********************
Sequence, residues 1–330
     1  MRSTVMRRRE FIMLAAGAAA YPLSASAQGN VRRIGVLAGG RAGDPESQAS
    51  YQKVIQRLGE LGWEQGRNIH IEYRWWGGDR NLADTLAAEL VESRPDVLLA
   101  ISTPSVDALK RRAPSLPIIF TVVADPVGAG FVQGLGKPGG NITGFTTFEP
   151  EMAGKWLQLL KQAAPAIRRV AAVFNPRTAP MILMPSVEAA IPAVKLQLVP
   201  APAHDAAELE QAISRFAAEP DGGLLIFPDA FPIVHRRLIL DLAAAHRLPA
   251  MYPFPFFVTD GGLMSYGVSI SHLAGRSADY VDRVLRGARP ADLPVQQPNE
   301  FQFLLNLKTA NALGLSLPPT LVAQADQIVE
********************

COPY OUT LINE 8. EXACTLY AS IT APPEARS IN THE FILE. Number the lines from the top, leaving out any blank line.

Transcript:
   301  FQFLLNLKTA NALGLSLPPT LVAQADQIVE